And while the podcast I listened to this week out was a disjoint oleo, triggered by my thoughts on the Greeks of the campus of the Black Warrior, I had occasion to reflect further on my own writing efforts in my undergraduate years. I have already mentioned how I took up notetaking as a freshman. That it was new to me and something I had to learn hard and fast. This seems important, or, at least, significant, since it seems to explain much of the difference in my outlook than those expressed on the porcast.

I am, of course, aged more than the podcasters. This may be significant. Back when I was an undergraduate we did not have the resources afforded students today. No syllabus, or Powerpoint slides, on keyed notes. All we had was the textbook(s) and labs – in the nerd courses – and the lectures. That was it. So our notes were very important. They recorded what the lecturer thought was important. And his/her explanations and examples and illustrations. The mappings of the textbook material into our minds, at least in a pseudo-maths sense. So notetaking was a critical and crucial aspect of survival and success. One either mastered the process of converting what was seen and heard into ink on the page or one left for Vietnam. It was that simple, at least for men. I am unsure of what the women did. Or the Greeks. Other than put fungus cream on their feet.

Anyway, I have noted in the podcast that much discussion is emitted about writing angles, and pen colors, and line widths and such like. I finally realized that this was all symptomatic of the current craze with mindfulness. Given the depth of entertainment immersion these days such is not bad but it tends to make matters of mindlessness – unawareness – either nekulturny or anathema. But that is what makes the difference here.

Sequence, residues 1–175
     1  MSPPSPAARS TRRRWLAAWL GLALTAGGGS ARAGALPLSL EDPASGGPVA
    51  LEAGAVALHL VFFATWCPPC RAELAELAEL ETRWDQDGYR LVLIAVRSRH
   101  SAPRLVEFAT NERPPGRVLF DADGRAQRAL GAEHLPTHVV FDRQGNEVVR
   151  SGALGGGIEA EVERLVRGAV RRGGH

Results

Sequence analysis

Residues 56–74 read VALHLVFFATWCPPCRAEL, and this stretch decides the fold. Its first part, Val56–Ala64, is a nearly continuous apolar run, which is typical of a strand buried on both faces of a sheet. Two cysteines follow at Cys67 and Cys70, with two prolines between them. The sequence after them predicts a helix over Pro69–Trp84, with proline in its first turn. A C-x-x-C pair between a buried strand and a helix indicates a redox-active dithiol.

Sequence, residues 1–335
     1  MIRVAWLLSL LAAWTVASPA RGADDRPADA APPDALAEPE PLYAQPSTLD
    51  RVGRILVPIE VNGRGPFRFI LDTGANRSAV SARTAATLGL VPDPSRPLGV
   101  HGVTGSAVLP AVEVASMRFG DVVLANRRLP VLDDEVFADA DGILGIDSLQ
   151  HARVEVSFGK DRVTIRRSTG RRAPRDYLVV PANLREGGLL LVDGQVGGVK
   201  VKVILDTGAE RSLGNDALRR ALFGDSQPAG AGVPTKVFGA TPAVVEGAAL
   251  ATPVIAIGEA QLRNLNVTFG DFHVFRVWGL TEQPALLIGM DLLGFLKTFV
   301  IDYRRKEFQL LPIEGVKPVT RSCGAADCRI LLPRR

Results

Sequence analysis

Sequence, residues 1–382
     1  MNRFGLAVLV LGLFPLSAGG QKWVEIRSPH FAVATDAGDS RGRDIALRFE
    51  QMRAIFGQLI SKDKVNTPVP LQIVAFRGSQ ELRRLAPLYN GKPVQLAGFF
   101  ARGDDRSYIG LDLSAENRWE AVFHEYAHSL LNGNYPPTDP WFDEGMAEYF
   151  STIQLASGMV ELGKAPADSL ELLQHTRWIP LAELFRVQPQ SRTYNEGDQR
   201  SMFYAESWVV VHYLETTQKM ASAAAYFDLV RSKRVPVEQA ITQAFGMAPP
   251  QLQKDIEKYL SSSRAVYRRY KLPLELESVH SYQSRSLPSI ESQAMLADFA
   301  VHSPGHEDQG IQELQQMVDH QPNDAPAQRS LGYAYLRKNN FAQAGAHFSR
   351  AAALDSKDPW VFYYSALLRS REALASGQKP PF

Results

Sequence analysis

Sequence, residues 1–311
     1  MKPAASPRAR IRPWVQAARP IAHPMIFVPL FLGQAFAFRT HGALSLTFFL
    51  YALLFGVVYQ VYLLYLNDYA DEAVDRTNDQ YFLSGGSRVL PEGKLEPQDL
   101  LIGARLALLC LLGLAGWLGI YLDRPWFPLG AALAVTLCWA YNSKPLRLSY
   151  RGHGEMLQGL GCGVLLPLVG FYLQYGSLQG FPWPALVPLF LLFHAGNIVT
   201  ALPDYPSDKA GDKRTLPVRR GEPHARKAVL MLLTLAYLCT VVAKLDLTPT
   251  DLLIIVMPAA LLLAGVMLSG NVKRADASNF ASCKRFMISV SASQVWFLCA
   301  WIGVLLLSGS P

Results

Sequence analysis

If one is going to do notetaking well (or compositional writing,) then one cannot be mindful of the writing or its instruments. Pen/pencil and paper must be extensions of the hand. There must be no phase shift, no impedence in information flowing from eye and ear to brain to hand to paper. Pen and ink and writing must not be noticable – mindful. They must be part of the body, unnoticed until end of class when the hand cramp and inky fingers – if any – are resolved on the way to next class.

That mindlessness carries over. When I had an essay or term paper – few – of lab report or research paper of thesis or journal article – many – to write, that notetaking mindlessness was continued. The flow from brain to paper was direct and unimpeded by the non-physiological instrumentality. I typed poorly and could not compose and type at the same time. I would compose and write failry well. So all my career, i have composed/written first and then transcribed the writing to essay or article via typewriter or computer. I still do this almost always.

And as a result all this stufff about writing angle and line width and such is submereged into whether the pen is unminded or not. If not, the system is broken. If so, then it works. The rest is peripheral.